But within the description I gave above, in which sections 1, 2 and 4 deal with action, speech and thought, respectively, the “chapters” found between three and four serve as a prelude to the last section. They address the yeitzer hara and how to refine thought and motivation, and are thus speaking of the same domain as the section on Torah.

Section Four

In sec 4 ch. 3, Rav Chaim Volozhiner explains that  the “lishmah“, the “it’s own sake”, of Torah study is unique. (He has a longer description in Ruach haChahim on Avos 6:1,) Rav Elazar beRav Tzadoq says, “עשה דברים לשם פעלן ודבר בהן לשמן — do things for the sake of the One Who caused them, and speak about them for their own sake.” (Nedarim 51a) Rav Chaim cites the Rosh, who notes the difference in language: when it comes to mitzvos of action, we do them lesheim Pa’alan — for the sake of G-d; but when it comes to learning, we learn leshman — for their own sake.” And Rav Chaim points the reader back to something he wrote at the end of sha’ar 1, that the primary effect of the mitzvah is in the action itself, which is why kavanah (intent) is not an obligatory component of the mitzvah, but one that allows it to effect repairs in higher worlds than otherwise. But as he explained previously in ch. 2, the role of lishmah is different in kind for Torah, for immersion in and internalization of Torah is identification with Hashem’s Thought. One is not relating to Hashem-as-Maker of a world we’re trying to refine, but directly with Him. For the Torah’s sake is for the sake of becoming shaped by His Will. It is this that Rav Chaim identifies with communion with the A-limighty, rather than deveiqus, cleaving to Him. Chapters 4 – 7 discuss the relationship between yir’ah and Torah. To Rav Chaim, yir’ah is something you work on for a few minutes in preparation for learning. It is the silo that enables one to retain Torah. But the focus is on the Torah.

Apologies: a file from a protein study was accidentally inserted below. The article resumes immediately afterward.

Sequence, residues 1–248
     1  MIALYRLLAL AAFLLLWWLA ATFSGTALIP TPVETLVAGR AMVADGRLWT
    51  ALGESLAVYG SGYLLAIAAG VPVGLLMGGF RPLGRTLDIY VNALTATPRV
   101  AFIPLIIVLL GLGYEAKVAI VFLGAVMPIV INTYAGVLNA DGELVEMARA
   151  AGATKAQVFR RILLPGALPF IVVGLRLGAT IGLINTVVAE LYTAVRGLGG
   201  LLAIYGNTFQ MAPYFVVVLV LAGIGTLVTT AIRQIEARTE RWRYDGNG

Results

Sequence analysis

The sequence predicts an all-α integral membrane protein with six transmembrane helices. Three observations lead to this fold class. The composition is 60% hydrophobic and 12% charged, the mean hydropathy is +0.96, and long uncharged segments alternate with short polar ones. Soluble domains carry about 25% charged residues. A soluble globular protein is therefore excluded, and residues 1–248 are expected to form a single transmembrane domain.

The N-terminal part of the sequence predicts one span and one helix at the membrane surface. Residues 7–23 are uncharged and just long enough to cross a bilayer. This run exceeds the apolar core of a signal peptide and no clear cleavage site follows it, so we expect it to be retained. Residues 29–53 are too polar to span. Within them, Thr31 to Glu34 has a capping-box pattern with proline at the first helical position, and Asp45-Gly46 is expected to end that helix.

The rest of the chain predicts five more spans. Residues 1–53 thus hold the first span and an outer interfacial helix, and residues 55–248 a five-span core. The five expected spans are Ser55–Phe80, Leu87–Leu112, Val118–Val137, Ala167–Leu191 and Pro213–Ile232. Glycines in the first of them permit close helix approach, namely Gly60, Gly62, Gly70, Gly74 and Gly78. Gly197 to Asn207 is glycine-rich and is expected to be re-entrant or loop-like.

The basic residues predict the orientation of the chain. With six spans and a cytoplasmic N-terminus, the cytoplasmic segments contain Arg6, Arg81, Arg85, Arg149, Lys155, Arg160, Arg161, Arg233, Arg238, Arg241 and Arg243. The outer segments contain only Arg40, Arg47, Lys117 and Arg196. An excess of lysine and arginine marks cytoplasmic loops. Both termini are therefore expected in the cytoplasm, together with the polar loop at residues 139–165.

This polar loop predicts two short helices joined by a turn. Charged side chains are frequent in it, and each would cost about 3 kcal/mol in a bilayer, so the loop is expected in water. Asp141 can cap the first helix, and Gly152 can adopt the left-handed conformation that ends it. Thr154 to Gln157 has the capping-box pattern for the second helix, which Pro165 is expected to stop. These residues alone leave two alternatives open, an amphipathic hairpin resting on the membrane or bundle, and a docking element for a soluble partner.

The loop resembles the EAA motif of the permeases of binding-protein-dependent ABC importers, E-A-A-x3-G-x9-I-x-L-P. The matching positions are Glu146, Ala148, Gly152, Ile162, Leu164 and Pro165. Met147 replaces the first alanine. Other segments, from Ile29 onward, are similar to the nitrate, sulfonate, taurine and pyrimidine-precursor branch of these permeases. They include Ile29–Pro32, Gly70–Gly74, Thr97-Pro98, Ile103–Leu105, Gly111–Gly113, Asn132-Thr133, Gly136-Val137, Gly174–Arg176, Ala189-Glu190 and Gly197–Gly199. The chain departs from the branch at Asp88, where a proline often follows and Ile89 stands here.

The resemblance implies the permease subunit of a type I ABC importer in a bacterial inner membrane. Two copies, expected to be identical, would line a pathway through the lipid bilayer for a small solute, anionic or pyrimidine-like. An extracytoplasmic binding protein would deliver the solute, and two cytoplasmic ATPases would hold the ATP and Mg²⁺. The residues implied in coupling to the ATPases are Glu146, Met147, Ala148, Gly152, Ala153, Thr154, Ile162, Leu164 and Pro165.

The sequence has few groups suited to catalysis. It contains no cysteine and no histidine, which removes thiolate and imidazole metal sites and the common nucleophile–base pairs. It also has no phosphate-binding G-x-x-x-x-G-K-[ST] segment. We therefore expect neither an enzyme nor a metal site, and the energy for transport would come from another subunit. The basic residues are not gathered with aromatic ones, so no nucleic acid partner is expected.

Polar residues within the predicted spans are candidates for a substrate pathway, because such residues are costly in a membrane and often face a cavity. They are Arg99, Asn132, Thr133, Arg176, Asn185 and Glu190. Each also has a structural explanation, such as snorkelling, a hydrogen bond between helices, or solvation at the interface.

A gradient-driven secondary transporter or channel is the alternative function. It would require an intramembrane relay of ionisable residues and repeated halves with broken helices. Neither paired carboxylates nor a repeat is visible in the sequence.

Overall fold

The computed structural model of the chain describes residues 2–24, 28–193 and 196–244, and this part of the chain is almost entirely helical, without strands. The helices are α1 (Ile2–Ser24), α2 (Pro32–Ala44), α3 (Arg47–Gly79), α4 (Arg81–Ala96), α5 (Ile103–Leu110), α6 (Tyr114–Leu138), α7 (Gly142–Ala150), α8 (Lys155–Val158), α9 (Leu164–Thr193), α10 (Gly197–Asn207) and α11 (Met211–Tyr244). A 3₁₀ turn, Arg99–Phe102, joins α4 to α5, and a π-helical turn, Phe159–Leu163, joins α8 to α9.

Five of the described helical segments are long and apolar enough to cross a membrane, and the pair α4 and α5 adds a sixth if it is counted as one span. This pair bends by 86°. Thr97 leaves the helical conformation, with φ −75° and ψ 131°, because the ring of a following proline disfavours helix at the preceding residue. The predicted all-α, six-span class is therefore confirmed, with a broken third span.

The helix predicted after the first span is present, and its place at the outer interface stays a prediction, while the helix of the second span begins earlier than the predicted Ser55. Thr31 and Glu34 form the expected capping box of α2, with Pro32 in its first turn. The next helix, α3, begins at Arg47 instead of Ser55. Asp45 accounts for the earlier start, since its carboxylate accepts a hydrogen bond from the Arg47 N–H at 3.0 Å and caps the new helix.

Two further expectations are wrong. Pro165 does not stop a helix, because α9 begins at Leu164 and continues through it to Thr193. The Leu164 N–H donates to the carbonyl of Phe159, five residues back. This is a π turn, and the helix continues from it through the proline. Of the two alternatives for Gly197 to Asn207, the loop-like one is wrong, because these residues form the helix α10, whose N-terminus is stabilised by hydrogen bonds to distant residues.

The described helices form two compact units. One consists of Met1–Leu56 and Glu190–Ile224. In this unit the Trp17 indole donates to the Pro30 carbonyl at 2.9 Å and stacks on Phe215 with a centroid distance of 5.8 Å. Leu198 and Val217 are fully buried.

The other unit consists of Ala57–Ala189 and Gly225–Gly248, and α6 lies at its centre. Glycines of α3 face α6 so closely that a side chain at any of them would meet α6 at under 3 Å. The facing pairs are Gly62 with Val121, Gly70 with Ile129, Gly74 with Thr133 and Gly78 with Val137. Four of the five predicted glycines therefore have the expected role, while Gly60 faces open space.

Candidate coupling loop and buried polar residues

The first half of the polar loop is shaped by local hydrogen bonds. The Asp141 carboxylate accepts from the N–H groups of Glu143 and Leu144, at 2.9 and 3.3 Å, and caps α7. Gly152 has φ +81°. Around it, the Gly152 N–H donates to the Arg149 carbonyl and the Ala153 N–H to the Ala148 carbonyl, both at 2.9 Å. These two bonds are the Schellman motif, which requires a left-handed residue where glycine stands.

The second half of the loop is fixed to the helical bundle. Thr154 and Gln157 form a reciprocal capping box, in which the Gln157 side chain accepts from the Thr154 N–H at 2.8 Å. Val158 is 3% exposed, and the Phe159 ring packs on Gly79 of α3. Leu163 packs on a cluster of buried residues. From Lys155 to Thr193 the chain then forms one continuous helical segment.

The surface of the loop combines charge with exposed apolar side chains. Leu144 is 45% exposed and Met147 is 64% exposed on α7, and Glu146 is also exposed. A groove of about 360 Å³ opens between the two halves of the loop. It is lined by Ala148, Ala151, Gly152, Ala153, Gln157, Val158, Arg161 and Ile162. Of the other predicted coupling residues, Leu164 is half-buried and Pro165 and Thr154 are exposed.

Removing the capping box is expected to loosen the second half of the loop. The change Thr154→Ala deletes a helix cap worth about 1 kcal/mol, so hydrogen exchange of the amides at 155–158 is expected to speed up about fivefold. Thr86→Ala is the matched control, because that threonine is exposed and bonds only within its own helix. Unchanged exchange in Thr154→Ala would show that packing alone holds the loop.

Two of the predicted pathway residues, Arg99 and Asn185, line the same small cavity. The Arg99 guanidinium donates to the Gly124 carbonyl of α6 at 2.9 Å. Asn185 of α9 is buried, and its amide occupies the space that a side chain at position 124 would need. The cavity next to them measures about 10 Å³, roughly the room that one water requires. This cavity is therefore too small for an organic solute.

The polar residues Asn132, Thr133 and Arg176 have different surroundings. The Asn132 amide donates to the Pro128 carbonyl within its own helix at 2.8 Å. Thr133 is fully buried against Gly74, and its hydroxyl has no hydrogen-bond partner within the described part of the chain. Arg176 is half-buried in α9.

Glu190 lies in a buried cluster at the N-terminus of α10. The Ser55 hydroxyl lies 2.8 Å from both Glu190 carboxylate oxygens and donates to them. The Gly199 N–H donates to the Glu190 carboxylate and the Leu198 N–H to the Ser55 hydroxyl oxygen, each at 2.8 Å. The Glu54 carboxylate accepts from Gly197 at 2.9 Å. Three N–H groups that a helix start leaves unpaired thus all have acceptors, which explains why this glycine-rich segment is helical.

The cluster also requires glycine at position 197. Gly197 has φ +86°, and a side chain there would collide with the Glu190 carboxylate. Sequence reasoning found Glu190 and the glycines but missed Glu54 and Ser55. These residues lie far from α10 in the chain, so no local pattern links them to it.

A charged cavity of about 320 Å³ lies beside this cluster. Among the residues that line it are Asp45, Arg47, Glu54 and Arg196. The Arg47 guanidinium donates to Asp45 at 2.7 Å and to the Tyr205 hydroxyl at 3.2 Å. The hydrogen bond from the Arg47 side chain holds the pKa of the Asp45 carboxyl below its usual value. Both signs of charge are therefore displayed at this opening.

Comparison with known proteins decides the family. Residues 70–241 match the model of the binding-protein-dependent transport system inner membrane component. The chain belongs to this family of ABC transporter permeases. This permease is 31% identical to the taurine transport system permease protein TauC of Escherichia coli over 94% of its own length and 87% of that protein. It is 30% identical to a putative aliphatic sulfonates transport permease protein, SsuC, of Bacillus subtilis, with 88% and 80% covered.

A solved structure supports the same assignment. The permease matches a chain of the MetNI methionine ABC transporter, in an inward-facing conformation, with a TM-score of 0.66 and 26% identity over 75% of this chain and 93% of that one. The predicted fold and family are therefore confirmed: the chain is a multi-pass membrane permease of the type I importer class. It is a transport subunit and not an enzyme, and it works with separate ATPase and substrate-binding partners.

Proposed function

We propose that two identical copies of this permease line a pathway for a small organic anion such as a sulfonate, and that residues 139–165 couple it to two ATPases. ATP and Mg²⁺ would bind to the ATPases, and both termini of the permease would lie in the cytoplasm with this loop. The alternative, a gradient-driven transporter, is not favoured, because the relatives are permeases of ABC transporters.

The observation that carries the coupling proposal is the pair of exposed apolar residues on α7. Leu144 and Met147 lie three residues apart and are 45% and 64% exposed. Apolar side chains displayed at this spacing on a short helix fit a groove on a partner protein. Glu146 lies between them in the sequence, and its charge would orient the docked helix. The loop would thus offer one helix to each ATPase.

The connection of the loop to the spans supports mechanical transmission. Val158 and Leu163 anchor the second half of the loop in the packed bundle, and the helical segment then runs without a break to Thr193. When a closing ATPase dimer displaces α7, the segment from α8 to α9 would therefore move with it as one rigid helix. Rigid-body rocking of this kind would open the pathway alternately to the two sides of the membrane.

This is unlike the Chassidus, where deveiqus is seen as a personal relationship with G-d. And in the Tanya, yir’ah is the purpose of learning, rather than a prerequisite, and he recommends that one should pause occasionally during learning to remember G-d and insuring that the study is leading to yir’ah